A box of tissues.
- All of the soft joints and ligaments in your neck are an example of neck tissue.
- A Kleenex is an example of a tissue.
- A thin piece of bright red paper used to wrap fragile gifts is an example of tissue paper.
- cloth; esp., light, thin cloth, as gauze
- an interwoven or intricate mass or series; mesh; network; web: a tissue of lies
- a piece of soft, absorbent paper, used as a disposable handkerchief, as toilet paper, etc.
- tissue paper
- a sheet of tissue paper
- the substance of an organic body or organ, consisting of cells and intercellular material
- any of the distinct structural materials of an organism, having a particular function: epithelial tissue
Origin of tissueMiddle English tissu, rich cloth from Old French from past participle of tistre, to weave from Classical Latin texere, to weave: see text
transitive verb-·sued, -·su·ing
- to cover with tissue
- Archaic to weave into tissue
- A fine, very thin fabric, such as gauze.
- Tissue paper.
- A soft, absorbent piece of paper used as toilet paper, a handkerchief, or a towel.
- An interwoven or interrelated number of things; a web; a network: “The text is a tissue of mocking echoes” ( Richard M. Kain )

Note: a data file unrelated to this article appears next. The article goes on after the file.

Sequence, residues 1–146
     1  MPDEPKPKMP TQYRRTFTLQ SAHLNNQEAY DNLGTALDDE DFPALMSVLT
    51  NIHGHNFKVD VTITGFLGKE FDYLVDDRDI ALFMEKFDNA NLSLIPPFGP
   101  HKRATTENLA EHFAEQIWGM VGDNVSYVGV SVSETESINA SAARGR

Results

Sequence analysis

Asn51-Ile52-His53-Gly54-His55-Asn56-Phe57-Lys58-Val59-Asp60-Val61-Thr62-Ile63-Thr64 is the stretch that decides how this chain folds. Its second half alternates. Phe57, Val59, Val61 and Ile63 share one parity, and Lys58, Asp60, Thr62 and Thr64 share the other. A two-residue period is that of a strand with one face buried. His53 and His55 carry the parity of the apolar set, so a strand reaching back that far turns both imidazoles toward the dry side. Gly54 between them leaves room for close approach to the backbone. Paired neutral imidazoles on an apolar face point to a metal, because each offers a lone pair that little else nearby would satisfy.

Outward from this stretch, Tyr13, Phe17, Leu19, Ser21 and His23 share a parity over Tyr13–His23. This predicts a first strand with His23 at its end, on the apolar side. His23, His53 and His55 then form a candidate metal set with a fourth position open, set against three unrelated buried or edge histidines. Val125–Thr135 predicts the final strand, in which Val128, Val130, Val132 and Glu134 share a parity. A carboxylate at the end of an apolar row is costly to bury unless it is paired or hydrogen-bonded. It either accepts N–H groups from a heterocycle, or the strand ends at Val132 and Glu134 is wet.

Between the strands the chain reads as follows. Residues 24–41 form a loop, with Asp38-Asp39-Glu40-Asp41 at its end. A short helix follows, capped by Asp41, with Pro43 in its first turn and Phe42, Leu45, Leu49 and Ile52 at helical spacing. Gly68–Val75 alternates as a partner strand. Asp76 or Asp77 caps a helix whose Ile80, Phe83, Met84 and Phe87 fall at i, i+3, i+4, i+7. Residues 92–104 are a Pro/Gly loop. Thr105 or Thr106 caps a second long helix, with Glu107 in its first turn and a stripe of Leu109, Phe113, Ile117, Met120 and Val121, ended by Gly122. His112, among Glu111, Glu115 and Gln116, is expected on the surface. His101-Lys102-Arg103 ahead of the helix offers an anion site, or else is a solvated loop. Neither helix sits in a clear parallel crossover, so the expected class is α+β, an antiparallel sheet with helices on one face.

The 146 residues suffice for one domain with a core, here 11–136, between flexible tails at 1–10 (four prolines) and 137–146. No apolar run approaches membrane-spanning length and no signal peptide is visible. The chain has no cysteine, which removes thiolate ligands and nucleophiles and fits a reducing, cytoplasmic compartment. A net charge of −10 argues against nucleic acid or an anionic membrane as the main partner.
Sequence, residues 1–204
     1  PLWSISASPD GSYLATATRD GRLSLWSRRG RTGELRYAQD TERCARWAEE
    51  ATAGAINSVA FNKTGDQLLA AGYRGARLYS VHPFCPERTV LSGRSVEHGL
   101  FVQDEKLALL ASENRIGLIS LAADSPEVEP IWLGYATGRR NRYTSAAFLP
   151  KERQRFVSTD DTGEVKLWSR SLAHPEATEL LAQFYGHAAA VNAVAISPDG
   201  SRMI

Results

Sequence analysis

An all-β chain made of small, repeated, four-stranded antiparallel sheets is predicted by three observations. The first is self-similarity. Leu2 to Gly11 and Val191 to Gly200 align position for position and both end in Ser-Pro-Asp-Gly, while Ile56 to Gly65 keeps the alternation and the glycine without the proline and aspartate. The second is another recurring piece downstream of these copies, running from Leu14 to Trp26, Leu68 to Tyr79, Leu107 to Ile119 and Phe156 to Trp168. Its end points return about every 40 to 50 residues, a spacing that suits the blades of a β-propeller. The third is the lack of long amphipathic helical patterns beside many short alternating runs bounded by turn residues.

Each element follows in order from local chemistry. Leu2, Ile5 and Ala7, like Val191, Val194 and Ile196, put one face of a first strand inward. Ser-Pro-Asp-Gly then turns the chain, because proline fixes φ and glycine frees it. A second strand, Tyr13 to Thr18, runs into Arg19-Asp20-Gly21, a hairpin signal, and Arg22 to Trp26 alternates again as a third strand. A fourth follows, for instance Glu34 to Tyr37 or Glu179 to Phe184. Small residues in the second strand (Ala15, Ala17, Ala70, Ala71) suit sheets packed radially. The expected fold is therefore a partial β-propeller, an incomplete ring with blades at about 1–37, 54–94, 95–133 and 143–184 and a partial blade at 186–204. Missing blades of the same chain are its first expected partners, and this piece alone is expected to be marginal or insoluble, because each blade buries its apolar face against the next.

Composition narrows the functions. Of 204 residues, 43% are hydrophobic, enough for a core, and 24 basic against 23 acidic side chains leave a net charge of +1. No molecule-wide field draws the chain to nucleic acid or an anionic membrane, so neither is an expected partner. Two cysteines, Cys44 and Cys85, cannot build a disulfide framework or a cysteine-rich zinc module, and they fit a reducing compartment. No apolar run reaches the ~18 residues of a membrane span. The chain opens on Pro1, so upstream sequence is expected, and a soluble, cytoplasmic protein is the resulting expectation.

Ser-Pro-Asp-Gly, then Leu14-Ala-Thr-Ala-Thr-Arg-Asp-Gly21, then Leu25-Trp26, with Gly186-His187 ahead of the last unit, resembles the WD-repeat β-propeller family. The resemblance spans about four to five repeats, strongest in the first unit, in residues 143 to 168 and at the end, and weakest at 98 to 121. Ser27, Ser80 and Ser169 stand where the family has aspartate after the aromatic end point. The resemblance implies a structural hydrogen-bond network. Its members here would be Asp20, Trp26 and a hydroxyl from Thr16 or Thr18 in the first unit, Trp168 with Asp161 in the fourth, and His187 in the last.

- Biology An aggregation of morphologically similar cells and associated intercellular matter acting together to perform one or more specific functions in an organism. There are four basic types of tissue in many animals: muscle, nerve, epidermal, and connective.
Origin of tissueMiddle English tissu a rich kind of cloth from Old French from past participle of tistre to weave from Latin texere ; see teks- in Indo-European roots.
- Thin, woven, gauze-like fabric.
- A fine transparent silk material, used for veils, etc.; specifically, cloth interwoven with gold or silver threads, or embossed with figures.
- A sheet of absorbent paper, especially one that is made to be used as tissue paper, toilet paper or a handkerchief.
- Absorbent paper as material.
- (biology) A group of similar cells that function together to do a specific job
- Web; texture; complicated fabrication; connected series.
- a tissue of forgeries, or of lies
(third-person singular simple present tissues, present participle tissuing, simple past and past participle tissued)
- To form tissue of; to interweave.
- Covered with cloth of gold tissued upon blue. "” Francis Bacon.
From Old French tissu, past participle of tistre, from Latin texere.